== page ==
Celebrity baggers to raise money for abused children An...

Arundel Digest

October 18, 2001

Celebrity baggers to raise money for abused children

An Olympic gold medalist and local elected officials will be among about two dozen people bagging groceries at an Annapolis food store Saturday to raise money for child victims of domestic violence.

Theresa Andrews, a former Annapolis resident who won two gold medals in 1984 swimming events, will be at the checkout line at Graul's Market, along with others who will pack groceries for tips destined for the children's programs, said Michelle Mayoral, coordinator the Anne Arundel County Domestic Violence Coordinating Council.

The fund-raiser will run from 9 a.m. to 1 p.m., with "celebrity baggers" taking hourlong shifts.

Though she lives in Wilmington, Del., Andrews, 39, retains close ties to the Annapolis area.

She said her brother, Dan, an assistant state's attorney, asked her to put on her gold medal and an apron with pockets for tips.

She said a previous job as a pediatric social worker - she now does sports marketing for a credit card company - showed her that families in abusive cycles could be helped with support and services.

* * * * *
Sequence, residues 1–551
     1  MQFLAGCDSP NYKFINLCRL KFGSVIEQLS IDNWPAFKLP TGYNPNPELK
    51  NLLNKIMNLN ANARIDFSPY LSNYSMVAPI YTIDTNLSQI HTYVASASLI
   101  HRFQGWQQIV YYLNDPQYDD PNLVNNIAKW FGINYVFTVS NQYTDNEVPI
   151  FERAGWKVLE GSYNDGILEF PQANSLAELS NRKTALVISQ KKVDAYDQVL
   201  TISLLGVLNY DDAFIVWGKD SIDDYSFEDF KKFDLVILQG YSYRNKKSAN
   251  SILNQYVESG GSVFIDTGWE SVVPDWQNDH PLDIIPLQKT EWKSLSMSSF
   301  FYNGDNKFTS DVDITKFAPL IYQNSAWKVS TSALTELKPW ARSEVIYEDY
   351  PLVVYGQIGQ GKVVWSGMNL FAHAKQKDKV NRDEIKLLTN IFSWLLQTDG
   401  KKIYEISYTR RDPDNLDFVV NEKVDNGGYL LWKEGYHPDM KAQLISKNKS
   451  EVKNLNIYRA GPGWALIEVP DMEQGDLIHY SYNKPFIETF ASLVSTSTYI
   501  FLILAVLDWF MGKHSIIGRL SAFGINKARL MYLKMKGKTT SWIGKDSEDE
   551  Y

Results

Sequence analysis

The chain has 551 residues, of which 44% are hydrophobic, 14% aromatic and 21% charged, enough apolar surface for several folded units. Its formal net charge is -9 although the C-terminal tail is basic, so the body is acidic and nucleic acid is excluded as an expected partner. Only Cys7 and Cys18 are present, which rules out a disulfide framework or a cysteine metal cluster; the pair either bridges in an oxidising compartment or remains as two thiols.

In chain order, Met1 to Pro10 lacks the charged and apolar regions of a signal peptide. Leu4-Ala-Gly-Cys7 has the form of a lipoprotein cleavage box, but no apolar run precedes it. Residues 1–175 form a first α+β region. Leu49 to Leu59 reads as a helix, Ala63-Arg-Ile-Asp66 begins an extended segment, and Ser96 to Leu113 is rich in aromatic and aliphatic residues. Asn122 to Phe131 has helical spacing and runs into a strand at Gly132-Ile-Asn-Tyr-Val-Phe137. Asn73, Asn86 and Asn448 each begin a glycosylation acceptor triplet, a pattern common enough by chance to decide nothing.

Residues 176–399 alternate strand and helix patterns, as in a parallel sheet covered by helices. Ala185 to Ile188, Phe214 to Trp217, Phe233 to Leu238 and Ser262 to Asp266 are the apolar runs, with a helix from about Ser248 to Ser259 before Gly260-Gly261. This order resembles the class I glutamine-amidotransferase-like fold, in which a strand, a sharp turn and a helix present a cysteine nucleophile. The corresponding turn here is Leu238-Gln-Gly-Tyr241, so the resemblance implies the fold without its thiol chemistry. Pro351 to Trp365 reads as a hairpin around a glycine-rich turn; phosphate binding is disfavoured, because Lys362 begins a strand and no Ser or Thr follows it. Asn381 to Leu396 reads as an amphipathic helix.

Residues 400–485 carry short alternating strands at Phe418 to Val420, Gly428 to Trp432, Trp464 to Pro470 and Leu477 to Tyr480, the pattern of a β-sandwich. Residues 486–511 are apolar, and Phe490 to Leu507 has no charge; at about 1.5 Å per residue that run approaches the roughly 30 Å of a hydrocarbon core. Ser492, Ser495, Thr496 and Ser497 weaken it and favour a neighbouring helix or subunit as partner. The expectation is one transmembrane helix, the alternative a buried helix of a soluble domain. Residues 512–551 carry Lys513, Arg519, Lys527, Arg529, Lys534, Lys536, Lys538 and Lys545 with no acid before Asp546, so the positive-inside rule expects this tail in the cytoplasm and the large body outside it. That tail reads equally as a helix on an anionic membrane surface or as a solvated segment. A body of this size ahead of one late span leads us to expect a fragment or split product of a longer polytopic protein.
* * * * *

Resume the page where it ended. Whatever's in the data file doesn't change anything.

The coordinating council is made up of more than 30 agencies and nonprofit organizations in the county.

Councilwoman still waiting for Parole Plaza records

Anne Arundel County Councilwoman Barbara D. Samorajczyk, an Annapolis Democrat, said yesterday that she has yet to receive documents she requested from the county more than two weeks ago regarding redevelopment of Parole Plaza.

Samorajczyk, who has been critical of a development agreement signed by County Executive Janet S. Owens and shopping center owner Carl Freedman, filed a request Oct. 2 for records kept by the Office of Planning and Zoning.

She said yesterday that she has received a form letter acknowledging receipt of her letter and telling her that she may be billed for copies.

According to state law, the county has up to 30 days to respond to the request.

"If they are going to bill me, I'll roll in my own copy machine from home," she said.

Samorajczyk introduced legislation at a meeting Monday that would require the developer to follow design standards set by an advisory committee.

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